+  * You can enter sin^2(t) as a shortcut although mathematically speaking sin^2(t) is shorthand for (sin(t))^2 (the square of sin of t). (You can enter it as sin(t)^2 or even sint^2, but don't try such things unless you '''really''' understand the precedence of operations. The "sin" operation has highest precedence, so it is performed first, using the next token (i.e. t) as an argument. Then the result is squared.) You can always use the Preview button to see a typeset version of what you entered and check whether what you wrote was what you meant. :) 
* For example 2+3sin^2(4x) will work and is equivalent to 2+3(sin(4x))^2 or 2+3sin(4x)^2. Why does the last expression work? Because things in parentheses are always done first [ i.e. (4x)], next all functions, such as sin, are evaluated [giving sin(4x)], next all exponents are taken [giving sin(4x)^2], next all multiplications and divisions are performed in order from left to right [giving 3sin(4x)^2], and finally all additions and subtractions are performed [giving 2+3sin(4x)^2]. 
* For example 2+3sin^2(4x) will work and is equivalent to 2+3(sin(4x))^2 or 2+3sin(4x)^2. Why does the last expression work? Because things in parentheses are always done first [ i.e. (4x)], next all functions, such as sin, are evaluated [giving sin(4x)], next all exponents are taken [giving sin(4x)^2], next all multiplications and divisions are performed in order from left to right [giving 3sin(4x)^2], and finally all additions and subtractions are performed [giving 2+3sin(4x)^2]. 

* Is 5^2 positive or negative? It's negative. This is because the square operation is done before the negative sign is applied. Use (5)^2 if you want to square negative 5. 
* Is 5^2 positive or negative? It's negative. This is because the square operation is done before the negative sign is applied. Use (5)^2 if you want to square negative 5.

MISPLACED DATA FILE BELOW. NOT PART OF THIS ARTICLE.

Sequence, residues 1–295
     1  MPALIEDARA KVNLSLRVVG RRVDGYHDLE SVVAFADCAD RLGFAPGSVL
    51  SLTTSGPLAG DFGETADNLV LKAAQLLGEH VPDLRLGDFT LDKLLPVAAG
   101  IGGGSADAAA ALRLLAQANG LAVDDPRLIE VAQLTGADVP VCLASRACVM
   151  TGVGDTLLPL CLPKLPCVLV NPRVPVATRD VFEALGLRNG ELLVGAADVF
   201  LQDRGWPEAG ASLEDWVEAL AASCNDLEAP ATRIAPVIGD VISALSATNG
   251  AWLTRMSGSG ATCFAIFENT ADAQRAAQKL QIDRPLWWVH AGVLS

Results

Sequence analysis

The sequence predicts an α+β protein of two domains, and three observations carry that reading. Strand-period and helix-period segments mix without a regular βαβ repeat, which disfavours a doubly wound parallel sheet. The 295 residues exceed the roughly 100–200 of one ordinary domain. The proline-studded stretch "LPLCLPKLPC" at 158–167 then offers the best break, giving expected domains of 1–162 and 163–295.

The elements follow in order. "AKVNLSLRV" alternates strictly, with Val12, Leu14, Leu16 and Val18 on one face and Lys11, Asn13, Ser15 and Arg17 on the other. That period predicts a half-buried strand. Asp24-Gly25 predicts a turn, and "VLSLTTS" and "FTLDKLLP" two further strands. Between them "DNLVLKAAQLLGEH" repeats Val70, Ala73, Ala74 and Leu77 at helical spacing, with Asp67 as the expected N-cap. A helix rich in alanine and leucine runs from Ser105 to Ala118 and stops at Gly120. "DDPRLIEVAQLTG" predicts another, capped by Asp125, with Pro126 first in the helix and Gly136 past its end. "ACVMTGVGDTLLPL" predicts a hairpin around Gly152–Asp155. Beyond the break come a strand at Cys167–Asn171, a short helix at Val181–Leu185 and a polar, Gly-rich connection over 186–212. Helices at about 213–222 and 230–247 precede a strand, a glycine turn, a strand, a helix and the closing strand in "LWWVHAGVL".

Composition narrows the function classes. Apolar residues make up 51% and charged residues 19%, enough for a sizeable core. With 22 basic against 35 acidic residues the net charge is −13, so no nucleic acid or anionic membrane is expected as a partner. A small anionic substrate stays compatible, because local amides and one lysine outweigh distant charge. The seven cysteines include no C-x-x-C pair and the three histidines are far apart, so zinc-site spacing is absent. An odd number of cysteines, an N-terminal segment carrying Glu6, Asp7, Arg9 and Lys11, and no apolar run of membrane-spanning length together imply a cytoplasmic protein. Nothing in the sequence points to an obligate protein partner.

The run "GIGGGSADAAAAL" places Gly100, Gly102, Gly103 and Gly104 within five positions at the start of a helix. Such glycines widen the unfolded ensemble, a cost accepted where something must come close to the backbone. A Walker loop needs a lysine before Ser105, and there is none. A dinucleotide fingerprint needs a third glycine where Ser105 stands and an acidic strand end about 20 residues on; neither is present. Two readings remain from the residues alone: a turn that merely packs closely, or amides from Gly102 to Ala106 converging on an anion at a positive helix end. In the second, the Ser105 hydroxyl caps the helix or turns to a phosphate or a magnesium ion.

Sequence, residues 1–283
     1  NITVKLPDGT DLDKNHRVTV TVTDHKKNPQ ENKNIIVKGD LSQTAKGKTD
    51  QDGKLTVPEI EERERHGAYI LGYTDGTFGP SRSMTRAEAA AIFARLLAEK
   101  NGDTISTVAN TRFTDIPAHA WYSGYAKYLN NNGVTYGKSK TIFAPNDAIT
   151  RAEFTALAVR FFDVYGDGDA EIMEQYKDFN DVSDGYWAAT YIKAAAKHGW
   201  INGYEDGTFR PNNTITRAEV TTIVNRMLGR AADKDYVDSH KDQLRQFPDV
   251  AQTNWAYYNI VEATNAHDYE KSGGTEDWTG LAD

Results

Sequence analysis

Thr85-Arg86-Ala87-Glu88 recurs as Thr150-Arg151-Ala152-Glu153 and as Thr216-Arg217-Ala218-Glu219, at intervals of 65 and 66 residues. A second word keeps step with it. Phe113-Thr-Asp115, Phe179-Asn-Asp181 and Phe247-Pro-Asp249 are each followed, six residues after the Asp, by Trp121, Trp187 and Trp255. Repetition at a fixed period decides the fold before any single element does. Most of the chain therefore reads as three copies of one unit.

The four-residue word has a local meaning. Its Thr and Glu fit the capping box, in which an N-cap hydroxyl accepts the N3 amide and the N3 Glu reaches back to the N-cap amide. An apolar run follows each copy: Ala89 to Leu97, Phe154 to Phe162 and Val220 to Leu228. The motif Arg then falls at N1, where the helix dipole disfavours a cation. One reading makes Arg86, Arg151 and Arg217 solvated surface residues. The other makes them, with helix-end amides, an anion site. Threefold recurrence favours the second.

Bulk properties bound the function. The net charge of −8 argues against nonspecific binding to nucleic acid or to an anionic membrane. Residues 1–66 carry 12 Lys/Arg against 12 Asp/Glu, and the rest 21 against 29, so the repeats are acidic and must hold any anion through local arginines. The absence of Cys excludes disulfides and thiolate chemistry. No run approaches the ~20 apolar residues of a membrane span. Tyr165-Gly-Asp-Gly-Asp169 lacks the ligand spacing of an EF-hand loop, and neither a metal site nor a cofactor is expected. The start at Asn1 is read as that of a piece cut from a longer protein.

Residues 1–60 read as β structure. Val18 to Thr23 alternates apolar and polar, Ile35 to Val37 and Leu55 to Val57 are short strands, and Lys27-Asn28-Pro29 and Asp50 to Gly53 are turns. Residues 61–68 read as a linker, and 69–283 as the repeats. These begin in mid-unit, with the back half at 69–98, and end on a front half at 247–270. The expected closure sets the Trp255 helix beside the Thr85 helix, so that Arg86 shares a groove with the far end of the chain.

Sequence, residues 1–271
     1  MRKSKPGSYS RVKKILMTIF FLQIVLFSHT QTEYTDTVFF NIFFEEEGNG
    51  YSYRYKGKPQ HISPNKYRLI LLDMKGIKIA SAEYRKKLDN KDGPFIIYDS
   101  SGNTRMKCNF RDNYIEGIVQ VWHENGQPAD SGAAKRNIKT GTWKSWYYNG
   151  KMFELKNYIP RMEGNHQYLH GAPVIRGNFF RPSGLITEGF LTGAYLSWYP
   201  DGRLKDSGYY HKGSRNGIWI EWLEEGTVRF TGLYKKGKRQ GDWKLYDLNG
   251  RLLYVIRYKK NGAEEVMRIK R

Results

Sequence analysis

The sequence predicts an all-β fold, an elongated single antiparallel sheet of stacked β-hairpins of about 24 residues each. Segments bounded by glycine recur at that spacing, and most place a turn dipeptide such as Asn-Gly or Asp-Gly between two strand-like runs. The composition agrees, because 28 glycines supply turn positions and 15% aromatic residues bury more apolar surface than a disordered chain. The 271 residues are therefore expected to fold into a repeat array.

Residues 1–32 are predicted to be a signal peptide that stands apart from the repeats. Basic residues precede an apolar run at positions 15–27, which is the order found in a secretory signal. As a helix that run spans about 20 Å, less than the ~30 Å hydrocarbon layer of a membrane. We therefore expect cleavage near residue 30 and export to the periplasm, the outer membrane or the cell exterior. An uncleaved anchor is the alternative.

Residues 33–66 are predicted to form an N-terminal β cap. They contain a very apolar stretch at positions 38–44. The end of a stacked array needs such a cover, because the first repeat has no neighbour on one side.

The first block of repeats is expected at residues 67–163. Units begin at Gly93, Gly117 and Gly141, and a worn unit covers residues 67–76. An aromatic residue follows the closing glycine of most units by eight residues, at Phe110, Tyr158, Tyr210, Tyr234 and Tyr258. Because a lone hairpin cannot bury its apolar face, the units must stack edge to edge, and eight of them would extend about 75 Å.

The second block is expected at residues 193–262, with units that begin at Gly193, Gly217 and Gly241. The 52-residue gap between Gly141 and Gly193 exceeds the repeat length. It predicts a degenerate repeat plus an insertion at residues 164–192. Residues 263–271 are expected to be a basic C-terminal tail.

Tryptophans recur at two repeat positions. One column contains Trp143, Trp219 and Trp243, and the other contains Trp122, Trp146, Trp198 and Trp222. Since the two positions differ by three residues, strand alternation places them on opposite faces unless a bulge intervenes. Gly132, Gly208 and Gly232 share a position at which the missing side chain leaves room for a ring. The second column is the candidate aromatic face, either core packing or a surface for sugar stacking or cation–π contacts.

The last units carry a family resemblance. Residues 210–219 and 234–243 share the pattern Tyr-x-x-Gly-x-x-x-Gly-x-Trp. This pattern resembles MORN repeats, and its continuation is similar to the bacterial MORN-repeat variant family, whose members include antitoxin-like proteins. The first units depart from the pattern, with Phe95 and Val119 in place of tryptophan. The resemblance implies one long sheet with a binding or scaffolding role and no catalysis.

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* 2.1E2 is the same as 210 
* 2.1E2 is the same as 210 

* 2.1E2 is the same as .021 
* 2.1E2 is the same as .021 

+  
+  ====Interval Notation==== 

+  
+  Some problems require you to enter an interval of real numbers. 

+  * (2,5) the open interval from 2 to 5, i.e. all real numbers greater than 2 and smaller than 5 

+  * [2,5) the halfopen interval containing all real numbers greater than or equal to 2 and smaller than 5 

+  * (inf, 10] all real numbers less than or equal to 10 (inf stands for infinity) 

====Mathematical Functions Available In WeBWorK==== 
====Mathematical Functions Available In WeBWorK==== 

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=====Exponential and Logarithmic Functions===== 
=====Exponential and Logarithmic Functions===== 

−  * exp(x)  The same function as e^x 

+  
−  * 
+  * ln(x)  The natural logarithm (logarithm to the base e) 
−  * 
+  * log10(x)  This is usually the natural log but your professor may have redefined this as log to the base 10 
−  +  log(y) 

=====Trigonometric Functions===== 
=====Trigonometric Functions===== 

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'''Note''': All of the trigonometric functions use '''radian''' measure.